Art. 1: In assisting borrowers to manage pests that affect either agriculture or public health, the Bank supports a strategy that promotes the use of biological or environmental control methods and reduces reliance on synthetic chemical pesticides. Art. 4: In Bank-financed agriculture operations, pest populations are normally controlled through IPM approaches, such as biological control, cultural practices, and the development and use of crop varieties that are resistant or tolerant to the pest. The Bank may finance the purchase of pesticides when their use is justified under an IPM approach.

15 EU Proposal for a Directive on establishing a framework for Community action to achieve the sustainable use of pesticides Article 13 on IPM requires Member States to: (summarised) Take appropriate measures to promote low pesticide- input pest management - including IPM, .... giving priority wherever possible to non-chemical methods .. Establish the necessary conditions for implementation of IPM, and report on this to the Commission by 06/2013 describe in Action Plan how they ensure that all professional users implement the general principles of IPM by 2014 Establish appropriate incentives to encourage implementation of crop or sector specific guidelines for IPM on a voluntary basis.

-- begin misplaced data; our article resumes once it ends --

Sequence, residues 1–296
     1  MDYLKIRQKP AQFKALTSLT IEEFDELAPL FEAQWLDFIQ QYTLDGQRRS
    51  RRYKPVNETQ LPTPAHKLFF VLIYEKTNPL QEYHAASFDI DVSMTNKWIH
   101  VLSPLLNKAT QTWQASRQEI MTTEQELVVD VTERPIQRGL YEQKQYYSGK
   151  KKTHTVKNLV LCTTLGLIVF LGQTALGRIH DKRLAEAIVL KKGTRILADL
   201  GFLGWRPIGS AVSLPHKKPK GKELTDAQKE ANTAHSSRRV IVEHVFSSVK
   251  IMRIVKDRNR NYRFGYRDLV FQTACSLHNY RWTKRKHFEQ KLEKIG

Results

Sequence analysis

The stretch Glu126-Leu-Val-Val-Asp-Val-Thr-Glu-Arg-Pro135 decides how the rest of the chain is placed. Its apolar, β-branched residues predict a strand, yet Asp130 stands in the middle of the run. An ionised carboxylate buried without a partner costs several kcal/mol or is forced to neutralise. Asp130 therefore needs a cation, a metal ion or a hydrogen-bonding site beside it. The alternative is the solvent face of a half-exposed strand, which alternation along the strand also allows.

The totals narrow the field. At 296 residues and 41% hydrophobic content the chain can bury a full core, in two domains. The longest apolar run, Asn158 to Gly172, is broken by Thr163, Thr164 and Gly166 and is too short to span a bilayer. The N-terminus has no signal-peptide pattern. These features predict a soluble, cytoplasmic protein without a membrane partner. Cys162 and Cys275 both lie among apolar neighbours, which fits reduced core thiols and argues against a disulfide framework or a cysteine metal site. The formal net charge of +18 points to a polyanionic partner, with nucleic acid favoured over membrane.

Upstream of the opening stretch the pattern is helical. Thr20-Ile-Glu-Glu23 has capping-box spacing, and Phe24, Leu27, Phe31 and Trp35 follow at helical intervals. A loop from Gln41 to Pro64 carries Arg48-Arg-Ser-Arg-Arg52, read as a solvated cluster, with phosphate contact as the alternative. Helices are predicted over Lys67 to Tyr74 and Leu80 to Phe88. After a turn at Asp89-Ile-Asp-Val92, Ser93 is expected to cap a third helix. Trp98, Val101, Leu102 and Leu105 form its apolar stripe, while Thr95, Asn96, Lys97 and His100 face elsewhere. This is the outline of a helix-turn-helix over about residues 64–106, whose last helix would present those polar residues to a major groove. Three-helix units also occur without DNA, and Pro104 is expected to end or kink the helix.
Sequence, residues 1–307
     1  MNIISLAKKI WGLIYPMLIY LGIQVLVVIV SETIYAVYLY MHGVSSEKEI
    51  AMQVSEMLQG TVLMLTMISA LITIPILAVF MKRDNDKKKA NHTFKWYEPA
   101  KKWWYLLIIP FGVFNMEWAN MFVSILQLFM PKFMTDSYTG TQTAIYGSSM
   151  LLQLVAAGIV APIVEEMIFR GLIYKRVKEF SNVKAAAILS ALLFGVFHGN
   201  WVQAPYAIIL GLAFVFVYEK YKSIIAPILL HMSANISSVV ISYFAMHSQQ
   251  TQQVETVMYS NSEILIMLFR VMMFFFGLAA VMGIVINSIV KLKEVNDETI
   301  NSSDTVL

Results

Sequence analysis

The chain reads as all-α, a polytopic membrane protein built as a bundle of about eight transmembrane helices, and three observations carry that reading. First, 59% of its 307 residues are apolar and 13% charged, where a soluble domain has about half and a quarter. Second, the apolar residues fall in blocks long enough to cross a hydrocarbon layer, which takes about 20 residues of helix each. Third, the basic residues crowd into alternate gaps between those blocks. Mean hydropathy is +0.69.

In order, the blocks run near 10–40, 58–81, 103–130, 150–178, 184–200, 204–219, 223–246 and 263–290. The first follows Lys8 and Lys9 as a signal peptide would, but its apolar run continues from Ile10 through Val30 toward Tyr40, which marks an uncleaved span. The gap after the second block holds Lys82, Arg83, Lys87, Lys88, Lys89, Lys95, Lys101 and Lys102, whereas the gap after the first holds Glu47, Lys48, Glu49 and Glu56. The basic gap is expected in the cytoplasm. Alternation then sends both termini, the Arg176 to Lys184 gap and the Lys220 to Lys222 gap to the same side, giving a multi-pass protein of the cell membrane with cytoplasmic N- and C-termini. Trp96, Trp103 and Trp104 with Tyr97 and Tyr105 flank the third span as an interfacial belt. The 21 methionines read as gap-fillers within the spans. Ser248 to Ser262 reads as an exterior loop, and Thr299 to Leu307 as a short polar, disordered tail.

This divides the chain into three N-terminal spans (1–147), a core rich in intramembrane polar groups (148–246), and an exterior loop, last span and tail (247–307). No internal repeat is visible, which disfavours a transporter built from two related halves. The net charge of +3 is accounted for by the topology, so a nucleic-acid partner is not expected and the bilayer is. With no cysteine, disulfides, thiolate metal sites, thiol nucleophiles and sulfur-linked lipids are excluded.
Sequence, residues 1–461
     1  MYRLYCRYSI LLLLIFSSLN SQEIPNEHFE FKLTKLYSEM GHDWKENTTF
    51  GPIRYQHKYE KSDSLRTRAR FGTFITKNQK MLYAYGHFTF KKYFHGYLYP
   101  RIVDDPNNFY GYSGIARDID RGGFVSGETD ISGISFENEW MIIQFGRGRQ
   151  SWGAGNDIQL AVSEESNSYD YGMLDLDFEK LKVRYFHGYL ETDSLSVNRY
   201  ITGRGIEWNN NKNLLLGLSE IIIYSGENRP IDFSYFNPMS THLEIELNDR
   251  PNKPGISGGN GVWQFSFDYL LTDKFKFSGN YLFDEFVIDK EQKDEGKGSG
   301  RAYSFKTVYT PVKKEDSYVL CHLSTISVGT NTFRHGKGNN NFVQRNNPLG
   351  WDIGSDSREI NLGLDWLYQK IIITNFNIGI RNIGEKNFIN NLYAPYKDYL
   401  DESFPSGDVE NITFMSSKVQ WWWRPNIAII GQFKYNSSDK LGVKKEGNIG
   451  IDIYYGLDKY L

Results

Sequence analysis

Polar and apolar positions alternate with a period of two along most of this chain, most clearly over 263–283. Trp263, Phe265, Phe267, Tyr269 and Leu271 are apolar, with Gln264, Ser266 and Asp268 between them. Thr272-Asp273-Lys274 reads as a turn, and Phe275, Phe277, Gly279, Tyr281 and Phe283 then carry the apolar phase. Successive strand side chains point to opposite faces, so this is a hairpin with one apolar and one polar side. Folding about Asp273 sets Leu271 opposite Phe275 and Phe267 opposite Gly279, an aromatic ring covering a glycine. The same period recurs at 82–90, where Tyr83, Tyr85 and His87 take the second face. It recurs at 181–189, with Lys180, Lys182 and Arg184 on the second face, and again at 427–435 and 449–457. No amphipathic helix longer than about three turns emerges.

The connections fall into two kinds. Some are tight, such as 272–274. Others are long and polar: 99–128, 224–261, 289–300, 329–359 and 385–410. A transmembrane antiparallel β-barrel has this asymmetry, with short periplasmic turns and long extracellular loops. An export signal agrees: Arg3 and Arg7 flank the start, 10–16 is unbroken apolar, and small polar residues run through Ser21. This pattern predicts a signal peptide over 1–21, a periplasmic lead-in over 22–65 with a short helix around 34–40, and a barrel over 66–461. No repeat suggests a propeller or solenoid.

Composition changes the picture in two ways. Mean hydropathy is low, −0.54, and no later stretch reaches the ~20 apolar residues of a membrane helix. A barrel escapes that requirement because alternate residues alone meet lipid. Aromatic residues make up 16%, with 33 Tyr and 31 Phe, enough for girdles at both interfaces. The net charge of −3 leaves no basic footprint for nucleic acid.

16 Many developing countries already have policies and programmes to mainstream IPM
Mali India Cambodia

17 IPM in China IPM-based safe-vegetable production scheme to supply Beijing (and the olympics)

18 Private Sector GAP schemes
E.g.: GlobalGAP (EurepGAP) - TOR: Minimization of agrochemical inputs - Specific requirements regarding IPM Company policies Food industry Cotton users

19 My local supermarkets Agricoltura a lotta Integrata

20 Concluding Comments IPM helps reduce pesticide use and helps achieve selection of less hazardous products IPM is increasingly being promoted/implemented Range: small scale farmers – multinationals both in industrialized and developing countries Promotion of IPM should be a key element of strategies and efforts to reduce risk related to the use of chemicals A pro-active approach to involve the agricultural sector is required to capture the potential offered by IPM in the context of SAICM